Julie Raines has been teaching biology at Yarmouth High School for twenty-five years. She’s a very nice lady who received me into her well-lit classroom one afternoon just as a raucous school assembly concluded and the kids poured out of the building. As we sat down under the watchful, unblinking glass eyes of several stuffed birds, she said she had no idea why I would want to talk to her.
I explained how I had come to hear what I’d heard, and then asked her point-blank if it was true. She assured me that it was not. Evolution was a part of her public school biology class, as was mandated in 1997 by the Maine Learning Results. She then produced a textbook and a lesson plan, and there it was. Though I was satisfied with what she currently included in her lessons, I had talked to many former students, and the quiet refusal to teach evolution was definitely part of her reputation. So I asked if it had always been part of her class, and after taking a deep breath, Mrs. Raines admitted that, no, it had not.
She explained how, when she started teaching a quarter-century ago, the state had no set curriculum, and her background had been in other areas. “I was hired right out of college,” she said. “I was more naive than anything else. Teaching evolution was not a big thing in my (college) method classes. Ecology was huge. Evolution was not a major influence. I never did the big unit thing, but there were pieces of it in there.”
She didn’t specifically teach it for the first few years, and then, when she did start, several years into her tenure, evolution came at the end of the spring, in the last few weeks before school was out, and Mrs. Raines remembers several times that school days lost to snow ultimately prevented her from completing the unit. While she had taught evolution in the senior advanced-placement biology class since arriving at Yarmouth, the theory was included in each of her sophomore biology classes by the late eighties or early nineties. The exact date escapes her, but the change had definitely happened before the Clinton Administration.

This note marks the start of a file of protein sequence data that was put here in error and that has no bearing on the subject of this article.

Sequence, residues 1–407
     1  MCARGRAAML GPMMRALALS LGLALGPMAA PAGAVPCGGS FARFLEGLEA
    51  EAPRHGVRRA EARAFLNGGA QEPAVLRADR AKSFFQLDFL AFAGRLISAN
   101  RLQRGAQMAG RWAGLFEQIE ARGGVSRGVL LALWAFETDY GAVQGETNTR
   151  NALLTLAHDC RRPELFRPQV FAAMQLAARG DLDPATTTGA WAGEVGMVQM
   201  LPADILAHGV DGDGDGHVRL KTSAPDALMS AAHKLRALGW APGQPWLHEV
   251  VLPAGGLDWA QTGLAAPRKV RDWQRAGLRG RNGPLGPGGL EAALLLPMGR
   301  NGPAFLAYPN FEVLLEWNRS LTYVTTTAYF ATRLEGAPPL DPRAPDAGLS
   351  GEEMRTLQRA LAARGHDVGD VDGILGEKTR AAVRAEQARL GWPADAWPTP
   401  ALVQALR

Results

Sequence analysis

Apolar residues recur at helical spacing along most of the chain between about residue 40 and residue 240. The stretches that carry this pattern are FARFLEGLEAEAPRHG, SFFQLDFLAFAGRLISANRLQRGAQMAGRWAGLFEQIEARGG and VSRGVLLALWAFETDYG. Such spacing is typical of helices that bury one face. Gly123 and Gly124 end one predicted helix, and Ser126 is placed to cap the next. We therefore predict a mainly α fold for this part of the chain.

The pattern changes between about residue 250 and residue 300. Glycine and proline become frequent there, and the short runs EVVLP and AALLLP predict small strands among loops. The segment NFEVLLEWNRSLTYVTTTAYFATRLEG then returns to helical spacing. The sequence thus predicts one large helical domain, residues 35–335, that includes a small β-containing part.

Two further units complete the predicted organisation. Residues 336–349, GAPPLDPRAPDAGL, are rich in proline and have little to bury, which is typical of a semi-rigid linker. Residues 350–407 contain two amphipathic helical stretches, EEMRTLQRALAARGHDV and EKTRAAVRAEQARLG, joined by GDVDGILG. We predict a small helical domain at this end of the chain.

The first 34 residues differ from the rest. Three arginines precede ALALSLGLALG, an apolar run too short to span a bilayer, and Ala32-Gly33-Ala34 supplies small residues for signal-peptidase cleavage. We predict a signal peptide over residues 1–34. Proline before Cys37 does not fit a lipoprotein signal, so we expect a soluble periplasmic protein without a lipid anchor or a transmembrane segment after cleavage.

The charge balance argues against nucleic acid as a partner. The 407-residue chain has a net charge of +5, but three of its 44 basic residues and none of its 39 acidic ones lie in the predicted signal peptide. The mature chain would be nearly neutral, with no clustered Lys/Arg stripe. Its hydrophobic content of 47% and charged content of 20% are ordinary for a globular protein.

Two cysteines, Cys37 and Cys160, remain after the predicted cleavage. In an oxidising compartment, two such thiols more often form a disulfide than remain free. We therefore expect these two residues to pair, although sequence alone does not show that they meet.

“One student went to the principal one year, but that particular kid’s class had been taught the theory of evolution. They weren’t there for it because their parents had taken them out of school to go on vacation,” Mrs. Raines admitted, along with the fact that the ideas Darwin developed in the Galapagos Islands were central to her discipline. “We all come into this room with our own background and beliefs, but in biology there is a foundation in evolution.”
That being said, Mrs. Raines also pointed out that scientific knowledge is always changing. She has problems with some aspects of evolution and other theories, including the current one dealing with, as she put it, “The huge jump from reptiles to birds.” But even as she briefly explained Gould’s Theory of Punctuated Equilibrium, and what that meant to both correcting and advancing Darwin’s theory, she did not once try to deny the existence of her faith, and its importance to her life, if not her job. “I don’t make any bones that I believe in God, and that He’s ultimately the creator, but the processes are something that we can’t know everything about. That’s why these aren’t things that I teach, because God doesn’t belong in this classroom.”